U.S. Fish and Wildlife Service proposes more opportunities to hunt, fish across South Atlantic, Gulf and Mississippi Basin
Atlanta, Georgia — The U.S. Fish and Wildlife Service proposes to expand hunting and fishing opportunities on another 500,000 acres of national wildlife refuge lands across the South. If approved, the new regulations will take effect this fall.
In all, 22 refuges will offer more than 110 new or expanded hunting and fishing opportunities — new species to hunt, more acres to hunt and more times to hunt.
“We continue to build upon our recent successes to expand our recreational offerings,” said Leo Miranda, an avid hunter and regional director for the South Atlantic-Gulf & Mississippi Basin. “Hunting and fishing are intrinsically Southern ways of life that also further our conservation work and boost local economies.”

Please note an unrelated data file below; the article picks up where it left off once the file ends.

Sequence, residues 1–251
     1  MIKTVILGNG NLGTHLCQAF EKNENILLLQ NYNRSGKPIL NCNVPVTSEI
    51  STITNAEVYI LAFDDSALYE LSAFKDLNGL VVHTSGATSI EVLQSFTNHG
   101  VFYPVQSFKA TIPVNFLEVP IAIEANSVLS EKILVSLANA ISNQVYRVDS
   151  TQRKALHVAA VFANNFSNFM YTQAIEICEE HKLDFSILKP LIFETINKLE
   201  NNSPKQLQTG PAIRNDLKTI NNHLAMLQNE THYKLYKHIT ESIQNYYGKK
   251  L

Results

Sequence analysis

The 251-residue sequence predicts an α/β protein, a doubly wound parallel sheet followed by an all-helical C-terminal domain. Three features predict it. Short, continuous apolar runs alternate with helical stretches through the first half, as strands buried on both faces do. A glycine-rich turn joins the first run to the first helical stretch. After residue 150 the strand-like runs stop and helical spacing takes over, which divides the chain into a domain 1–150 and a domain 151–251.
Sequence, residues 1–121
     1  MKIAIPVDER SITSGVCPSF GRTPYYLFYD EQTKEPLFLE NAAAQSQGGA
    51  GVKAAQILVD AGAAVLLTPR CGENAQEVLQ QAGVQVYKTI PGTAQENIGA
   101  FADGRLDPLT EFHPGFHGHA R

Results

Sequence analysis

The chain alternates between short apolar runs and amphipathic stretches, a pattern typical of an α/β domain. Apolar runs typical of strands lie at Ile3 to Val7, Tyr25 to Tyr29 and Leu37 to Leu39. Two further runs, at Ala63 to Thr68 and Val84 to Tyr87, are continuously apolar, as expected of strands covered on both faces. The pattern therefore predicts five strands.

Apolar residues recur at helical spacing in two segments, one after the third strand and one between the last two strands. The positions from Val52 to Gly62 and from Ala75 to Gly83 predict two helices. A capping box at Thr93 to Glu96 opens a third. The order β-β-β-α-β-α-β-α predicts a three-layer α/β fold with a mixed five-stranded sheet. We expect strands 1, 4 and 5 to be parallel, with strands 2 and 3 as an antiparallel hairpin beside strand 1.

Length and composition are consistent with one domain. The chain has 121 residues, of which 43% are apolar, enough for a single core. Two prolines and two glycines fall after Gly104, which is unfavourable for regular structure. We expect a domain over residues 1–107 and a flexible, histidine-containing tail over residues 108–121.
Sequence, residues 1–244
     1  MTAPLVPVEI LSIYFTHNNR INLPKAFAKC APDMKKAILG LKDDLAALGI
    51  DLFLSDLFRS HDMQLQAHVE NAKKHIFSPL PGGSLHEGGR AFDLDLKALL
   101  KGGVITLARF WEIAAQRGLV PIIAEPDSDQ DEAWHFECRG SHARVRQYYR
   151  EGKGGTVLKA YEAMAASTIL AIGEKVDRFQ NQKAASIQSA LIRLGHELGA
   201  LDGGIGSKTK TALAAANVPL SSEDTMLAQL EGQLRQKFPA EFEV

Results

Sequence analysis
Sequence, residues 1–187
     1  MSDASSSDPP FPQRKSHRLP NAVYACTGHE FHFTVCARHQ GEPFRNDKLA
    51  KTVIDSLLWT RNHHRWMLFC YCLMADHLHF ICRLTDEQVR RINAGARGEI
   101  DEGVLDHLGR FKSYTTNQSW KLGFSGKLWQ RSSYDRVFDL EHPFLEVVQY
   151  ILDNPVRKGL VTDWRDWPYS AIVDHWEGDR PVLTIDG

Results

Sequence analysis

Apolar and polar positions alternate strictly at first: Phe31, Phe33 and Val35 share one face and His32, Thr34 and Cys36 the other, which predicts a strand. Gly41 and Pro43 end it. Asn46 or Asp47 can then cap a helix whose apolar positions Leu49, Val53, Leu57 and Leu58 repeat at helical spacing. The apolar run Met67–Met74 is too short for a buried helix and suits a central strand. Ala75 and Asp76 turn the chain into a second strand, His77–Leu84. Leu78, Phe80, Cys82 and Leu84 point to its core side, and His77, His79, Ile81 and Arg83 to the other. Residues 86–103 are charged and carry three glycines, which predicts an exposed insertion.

Last month, U.S. Secretary of the Interior David L. Bernhardt announced new and expanded hunting and fishing opportunities across more than 2.3 million acres nationwide — the single largest expansion in U.S. Fish and Wildlife Service history.
One-fourth of the newly opened lands would be in the South. Last year, the region added 125,000 acres of hunting and fishing opportunities at refuges and hatcheries. Each year, the Service further streamlines regulations to more closely align hunting and fishing regulations with the states.
“The announcement from Secretary Bernhardt was the result of years of collaboration and hard work between the progressive leadership of the Service, state agencies, and the conservation NGO community,” said Chuck Sykes, director of Alabama’s Wildlife & Freshwater Fisheries Division.